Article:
The move away from London will mean certain problems connected with the Exhibition Road building. Were I still to be Director, I would wish the head office and establishments office to be maintained in London, even though it would mean even more travelling than now. The library, much improved since we a professional librarian (Kenneth Spencer) is the principal public reference library for earth science in the country. It must be maintained here and should take over at of the basement for book stacks. The national collections (the Museum Reserve collection of rocks, the Sliced Rock Collection and the Fossil Collection) present a problem. The MR must, of course, stay. I think that the Sliced Rock Collection (and therefore the head office of the Petrographical Department) ought also to remain. I think that particular parts of Palaeontology could go to Nottinghamshire but am unhappy about removing all British palaeontological material at the moment when the British Museum of Natural History has just completed its fine building for foreign fossils, especially since a deliberate connexion between the two buildings has been provided. The Mineral Intelligence, and Mineral Statistics and Economics units must remain, having virtually been taken over by DOI. The penthouses which will become available when Hydrogeology moves to the Midlands or to Wallingford could usefully be divided between museum and palaeontology staff if part of the latter remain in London.
10 Relations with the Local Whitley Council have been cordial throughout. In 1966 I feared they might not ba; there was widespread opposition to the proposed move into the ReadingNewbury–Oxford triangle which had to be taken note of. However, Richard Melville, Frank Dimes and Reg Thurrell introduced me to the changes that had occurred since I was myself Treasurer of the Association and I have done my best to keep staff fully informed about developments and plans affecting them.
I notice with some dismay, however, that practically all negotiations involving finance are carried on at HQ or national level, without reference to the views of the director. en all the complex negotiations on UK field allowance and ship allowance my view was never sought. Field allowance has gone up from 7/6 per day when I was a geologist, to £8.10 (= 170/-) per day now, ie by a factor of 23, faster than inflation by a factor 23. Of course I an glad that my staff are better paid; but does this not introduce further vulnerability into the system? I say nothing of the wildly unreasonable overtime pay at sea, except that I would not have agreed to it.
I also have doubts about the concession which allows field officers to travel long distances to their homes at weekends. The dedication once called for is not there in this sense: it is mainly to be found in Overseas Division, and the officers of that Division are fast becoming aware of the fact.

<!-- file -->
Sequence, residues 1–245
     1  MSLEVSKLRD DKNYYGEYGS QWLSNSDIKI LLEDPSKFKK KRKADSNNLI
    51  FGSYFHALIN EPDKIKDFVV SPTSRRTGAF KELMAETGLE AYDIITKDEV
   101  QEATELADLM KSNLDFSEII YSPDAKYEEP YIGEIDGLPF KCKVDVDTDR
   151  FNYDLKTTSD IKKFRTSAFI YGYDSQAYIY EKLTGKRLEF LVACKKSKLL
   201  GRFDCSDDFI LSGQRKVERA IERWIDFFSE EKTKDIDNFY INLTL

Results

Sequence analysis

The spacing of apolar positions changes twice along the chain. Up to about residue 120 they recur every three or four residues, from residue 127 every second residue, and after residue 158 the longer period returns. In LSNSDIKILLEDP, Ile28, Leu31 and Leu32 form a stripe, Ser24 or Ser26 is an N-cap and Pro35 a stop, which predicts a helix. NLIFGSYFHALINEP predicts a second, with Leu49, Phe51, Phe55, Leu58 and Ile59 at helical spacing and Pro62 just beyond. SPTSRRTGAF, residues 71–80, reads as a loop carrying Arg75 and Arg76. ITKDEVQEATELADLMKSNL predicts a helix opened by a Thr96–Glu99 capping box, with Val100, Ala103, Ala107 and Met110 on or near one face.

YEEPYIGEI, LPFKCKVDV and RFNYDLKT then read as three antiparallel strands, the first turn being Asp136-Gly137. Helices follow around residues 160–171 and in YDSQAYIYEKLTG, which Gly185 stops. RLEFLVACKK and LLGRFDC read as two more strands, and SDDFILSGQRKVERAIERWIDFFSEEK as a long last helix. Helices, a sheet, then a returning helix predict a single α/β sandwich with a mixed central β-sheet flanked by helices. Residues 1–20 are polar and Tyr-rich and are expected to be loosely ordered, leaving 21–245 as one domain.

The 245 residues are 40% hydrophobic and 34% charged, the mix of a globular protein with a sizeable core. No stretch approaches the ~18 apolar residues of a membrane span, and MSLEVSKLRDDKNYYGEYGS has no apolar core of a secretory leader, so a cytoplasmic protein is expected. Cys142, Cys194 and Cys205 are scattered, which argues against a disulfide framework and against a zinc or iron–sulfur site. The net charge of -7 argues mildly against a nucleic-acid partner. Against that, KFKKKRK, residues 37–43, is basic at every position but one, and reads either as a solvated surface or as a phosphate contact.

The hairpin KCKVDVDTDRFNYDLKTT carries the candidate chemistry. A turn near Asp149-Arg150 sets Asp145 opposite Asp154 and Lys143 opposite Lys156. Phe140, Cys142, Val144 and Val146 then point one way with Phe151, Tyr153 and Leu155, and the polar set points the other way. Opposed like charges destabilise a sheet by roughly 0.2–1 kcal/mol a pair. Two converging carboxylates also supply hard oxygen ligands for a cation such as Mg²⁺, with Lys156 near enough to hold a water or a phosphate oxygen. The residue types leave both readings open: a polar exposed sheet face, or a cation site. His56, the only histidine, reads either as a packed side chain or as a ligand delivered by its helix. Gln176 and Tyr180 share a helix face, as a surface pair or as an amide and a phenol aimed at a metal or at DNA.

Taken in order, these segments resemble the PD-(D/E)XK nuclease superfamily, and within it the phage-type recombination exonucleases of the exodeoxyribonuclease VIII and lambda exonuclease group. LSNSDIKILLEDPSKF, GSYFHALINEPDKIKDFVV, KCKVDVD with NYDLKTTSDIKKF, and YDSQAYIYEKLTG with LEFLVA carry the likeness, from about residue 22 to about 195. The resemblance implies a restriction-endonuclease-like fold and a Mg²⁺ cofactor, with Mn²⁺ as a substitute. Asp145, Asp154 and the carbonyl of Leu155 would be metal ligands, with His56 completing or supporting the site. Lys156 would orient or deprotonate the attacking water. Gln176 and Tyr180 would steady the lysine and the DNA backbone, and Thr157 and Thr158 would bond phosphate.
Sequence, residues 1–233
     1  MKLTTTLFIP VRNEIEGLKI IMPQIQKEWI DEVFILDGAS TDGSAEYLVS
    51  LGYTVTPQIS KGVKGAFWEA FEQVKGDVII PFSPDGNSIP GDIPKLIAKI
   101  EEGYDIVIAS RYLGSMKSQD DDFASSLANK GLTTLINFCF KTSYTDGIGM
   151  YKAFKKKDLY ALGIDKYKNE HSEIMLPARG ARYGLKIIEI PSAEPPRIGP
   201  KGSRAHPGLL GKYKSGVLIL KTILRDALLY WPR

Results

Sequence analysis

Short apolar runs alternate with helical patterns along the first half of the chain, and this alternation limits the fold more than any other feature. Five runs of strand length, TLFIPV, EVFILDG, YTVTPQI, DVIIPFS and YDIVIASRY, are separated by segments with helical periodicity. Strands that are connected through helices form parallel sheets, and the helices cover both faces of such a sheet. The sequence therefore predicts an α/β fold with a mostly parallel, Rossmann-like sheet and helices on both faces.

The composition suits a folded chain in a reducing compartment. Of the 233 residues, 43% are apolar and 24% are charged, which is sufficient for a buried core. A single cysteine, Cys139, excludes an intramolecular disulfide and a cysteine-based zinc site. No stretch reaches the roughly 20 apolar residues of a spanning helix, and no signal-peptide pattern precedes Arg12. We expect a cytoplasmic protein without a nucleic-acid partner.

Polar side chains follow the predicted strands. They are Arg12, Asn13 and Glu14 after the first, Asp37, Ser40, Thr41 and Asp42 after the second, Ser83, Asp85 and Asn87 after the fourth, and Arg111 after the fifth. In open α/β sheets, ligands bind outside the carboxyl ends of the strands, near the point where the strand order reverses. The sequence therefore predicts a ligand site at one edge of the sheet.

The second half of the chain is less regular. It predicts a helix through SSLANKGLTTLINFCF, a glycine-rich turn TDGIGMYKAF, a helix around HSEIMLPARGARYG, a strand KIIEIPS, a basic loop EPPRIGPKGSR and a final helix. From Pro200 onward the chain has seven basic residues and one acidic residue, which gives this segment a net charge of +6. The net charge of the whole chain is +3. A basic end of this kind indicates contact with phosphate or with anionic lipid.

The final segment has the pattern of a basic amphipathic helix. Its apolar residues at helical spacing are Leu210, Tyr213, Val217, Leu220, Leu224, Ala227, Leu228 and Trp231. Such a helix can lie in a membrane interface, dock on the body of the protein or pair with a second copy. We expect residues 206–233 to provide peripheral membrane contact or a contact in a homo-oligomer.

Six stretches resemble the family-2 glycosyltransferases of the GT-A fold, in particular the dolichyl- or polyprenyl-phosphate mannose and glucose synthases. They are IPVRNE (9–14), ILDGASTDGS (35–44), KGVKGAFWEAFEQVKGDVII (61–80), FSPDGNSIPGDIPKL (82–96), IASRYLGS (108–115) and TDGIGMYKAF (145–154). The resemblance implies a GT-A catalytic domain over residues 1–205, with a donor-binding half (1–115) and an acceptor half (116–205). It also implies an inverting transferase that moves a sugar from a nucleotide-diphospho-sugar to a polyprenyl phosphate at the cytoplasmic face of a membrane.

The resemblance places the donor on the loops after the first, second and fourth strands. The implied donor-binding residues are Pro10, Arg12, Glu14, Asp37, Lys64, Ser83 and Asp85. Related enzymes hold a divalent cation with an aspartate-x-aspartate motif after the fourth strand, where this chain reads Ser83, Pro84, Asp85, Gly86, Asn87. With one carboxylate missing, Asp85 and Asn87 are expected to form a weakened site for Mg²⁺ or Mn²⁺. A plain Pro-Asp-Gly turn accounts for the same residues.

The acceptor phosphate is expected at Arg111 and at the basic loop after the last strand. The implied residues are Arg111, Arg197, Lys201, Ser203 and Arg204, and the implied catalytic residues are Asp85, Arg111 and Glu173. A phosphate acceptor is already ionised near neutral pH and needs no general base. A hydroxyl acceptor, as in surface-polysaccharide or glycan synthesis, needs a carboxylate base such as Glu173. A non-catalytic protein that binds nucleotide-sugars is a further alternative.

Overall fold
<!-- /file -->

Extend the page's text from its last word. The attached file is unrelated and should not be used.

11 Computing descended on us, as on most organisations, early in my term of office. The most useful thing it could have done for IGS, the coding and storage of the data from the hundreds of thousands of borings of which we hold the records, was worked on but found to be impracticable because of the large manpower requirements (chiefly of geologists) which I estimate as between 50 and 100 man-years. Geochemical data (for all who wish to participate) will soon begin tc go on magnetic tape. Large storage capacity is also necessary and available for geomagnetism and seismology. Manipulation by computer under the G-EXEC programme devised by Vic Loudon's unit (which has won wide international acclaim) is a more encouraging story. I am sorry to have to say that I think that the NERC Automated Cartography Unit has proved that automated methods of making our geological maps from the field slips cannot come near to competing in cost or manpower with our well-equipped and staffed drawing offices.
12 Publishing is an area that still requires attention. The good work done with the Ordnance Survey by the late Vernon Wilson and more recently by Peter Sabine is gratefully acknowledged. The changeover to 1:50 000 as the principal publication scale has been smooth and efficient, and very large numbers of reprints at this enlarged scale have already appeared as well as many new and revised maps which have come out. An important new development is the Drift Map of Britain at 1:625 000 which will soon appear; Eric Edmonds has taken charge of the correlation of data for this, started by the late Tam Eastwood in London and later Talbot Whitehead in Edinburgh thirty years ago but abandoned. It will be criticised, but out of the criticism improved later editions will arise. The same is true of John Wright's Geological Map of the Continental Shelf, of which the second, much-amended edition will soon become available.
The creation of an Editorial Department with Arthur Simpson and Tim Dhonau from OGS, and Maud Briant from GSGB as the original nucleus has improved the flow of written publications, but the new Report series has not lived up to my expectations of it as a speedy publication medium. Fifty issues a year is still the desirable objective. There are few serious delays in publishing memoirs, bulletins and of Overseas Geology and Mineral Resources. The Annual Report has once appeared in June, and its performance is generally better than formerly thanks to the prompt submission of material from all units.